Online University Programs

Submitted by amyjune on September 19, 2017

Online University Programs

Now Accepting Scholarship Applications for Spring 2021



Scholarship Application deadline: Tuesday, December 1, 2020

Scholarship Application


Spring Classes:

Gender, Economic Inequality, and Health

  • How does economic inequality contribute to public health crises? This course investigates the current state of the global economy with a focus on how economic inequality produces wide disparities in health risk, access to healthcare and clinical outcomes. It also explores how domestic and global structures related to economic trade and migration create dysfunctional healthcare delivery systems. Students leave the course understanding why transnational struggles for a single standard of care for all people will heal inequality in our global society.

Global Food Politics: Health Consequences

  • Enough food is produced internationally to feed the entire global population, so why do over 795 million people in the world go hungry? And, why is so much of the food we produce unhealthy, causing chronic illness, malnutrition and obesity? This class examines shifting patterns of food production from the traditional family farm to industrialized agriculture and transnational export chains. Students will learn how neoliberal trade policies restructure domestic and global food processing and distribution and why unhealthy food has become a staple of global consumption.class explores the economic and social roots of debt and the resulting economic and public health crises it produces. Students will explore structural alternatives to debts and begin envisioning an economy less marked by crisis.

Care Work

  • This class situates professional nursing within the broader global context of the transnational care economy. Students will learn about the intimate nature of care work and identify how intensive physical labor, person-to-person communication and human touch pose a challenge to market-driven efforts to increase profit-making through mechanization and exploitation of nurses, migrant and precarious workers. It identifies strategies that care workers have used to improve working conditions and their ability to deliver safe, therapeutic and effective care both domestically and globally.food is produced internationally to feed the entire global population, so why do over 795 million people in the world go hungry? And, why is so much of the food we produce unhealthy, causing chronic illness, malnutrition and obesity? This class examines shifting patterns of food production from the traditional family farm to industrialized agriculture and transnational export chains. Students will learn how neoliberal trade policies restructure domestic and global food processing and distribution and why unhealthy food has become a staple of global consumption.class explores the economic and social roots of debt and the resulting economic and public health crises it produces. Students will explore structural alternatives to debts and begin envisioning an economy less marked by crisis.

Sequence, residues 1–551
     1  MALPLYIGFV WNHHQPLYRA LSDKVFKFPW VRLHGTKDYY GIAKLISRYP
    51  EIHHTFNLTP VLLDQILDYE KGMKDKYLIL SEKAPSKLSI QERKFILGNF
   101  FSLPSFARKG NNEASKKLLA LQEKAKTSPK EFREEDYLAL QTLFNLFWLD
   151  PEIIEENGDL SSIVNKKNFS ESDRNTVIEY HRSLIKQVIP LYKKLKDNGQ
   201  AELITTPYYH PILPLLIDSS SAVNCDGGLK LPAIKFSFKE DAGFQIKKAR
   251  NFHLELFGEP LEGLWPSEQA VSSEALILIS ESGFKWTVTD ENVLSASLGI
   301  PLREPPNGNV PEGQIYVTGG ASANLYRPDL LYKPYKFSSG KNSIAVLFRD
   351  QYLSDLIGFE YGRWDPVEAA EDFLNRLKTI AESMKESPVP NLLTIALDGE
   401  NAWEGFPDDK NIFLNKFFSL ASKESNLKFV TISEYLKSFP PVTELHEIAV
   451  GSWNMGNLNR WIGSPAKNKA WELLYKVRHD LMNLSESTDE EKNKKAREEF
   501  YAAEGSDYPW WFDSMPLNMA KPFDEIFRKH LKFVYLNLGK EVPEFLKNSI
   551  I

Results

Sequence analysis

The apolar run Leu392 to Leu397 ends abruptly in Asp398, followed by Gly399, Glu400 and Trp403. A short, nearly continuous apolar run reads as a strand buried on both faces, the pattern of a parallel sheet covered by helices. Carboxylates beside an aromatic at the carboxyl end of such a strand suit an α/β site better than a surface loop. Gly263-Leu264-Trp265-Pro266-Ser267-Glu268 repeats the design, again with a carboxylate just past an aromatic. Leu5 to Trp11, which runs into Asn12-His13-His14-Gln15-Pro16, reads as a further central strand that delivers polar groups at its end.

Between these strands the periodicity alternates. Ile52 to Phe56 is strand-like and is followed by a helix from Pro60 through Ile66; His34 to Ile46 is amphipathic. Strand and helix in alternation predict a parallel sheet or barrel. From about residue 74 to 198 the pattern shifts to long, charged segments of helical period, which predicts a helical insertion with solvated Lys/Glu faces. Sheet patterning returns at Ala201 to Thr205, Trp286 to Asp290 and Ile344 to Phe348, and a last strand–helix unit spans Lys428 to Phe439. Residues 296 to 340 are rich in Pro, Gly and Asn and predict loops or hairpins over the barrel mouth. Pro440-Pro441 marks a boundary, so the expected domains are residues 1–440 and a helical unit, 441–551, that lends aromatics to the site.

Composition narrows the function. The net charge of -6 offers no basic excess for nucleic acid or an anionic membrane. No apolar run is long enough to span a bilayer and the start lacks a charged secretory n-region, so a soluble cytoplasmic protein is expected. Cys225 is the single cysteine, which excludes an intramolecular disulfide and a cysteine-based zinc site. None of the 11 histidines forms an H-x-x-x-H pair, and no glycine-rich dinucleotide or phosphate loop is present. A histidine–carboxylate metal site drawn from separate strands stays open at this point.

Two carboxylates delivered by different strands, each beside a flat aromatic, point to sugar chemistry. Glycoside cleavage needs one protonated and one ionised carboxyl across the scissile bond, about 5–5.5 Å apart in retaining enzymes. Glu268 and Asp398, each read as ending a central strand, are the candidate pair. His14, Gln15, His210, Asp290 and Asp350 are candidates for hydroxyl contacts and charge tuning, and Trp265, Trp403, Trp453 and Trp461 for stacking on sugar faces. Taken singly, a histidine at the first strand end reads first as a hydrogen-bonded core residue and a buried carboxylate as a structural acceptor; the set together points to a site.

*Classes begin Tuesday, January 19, 2021.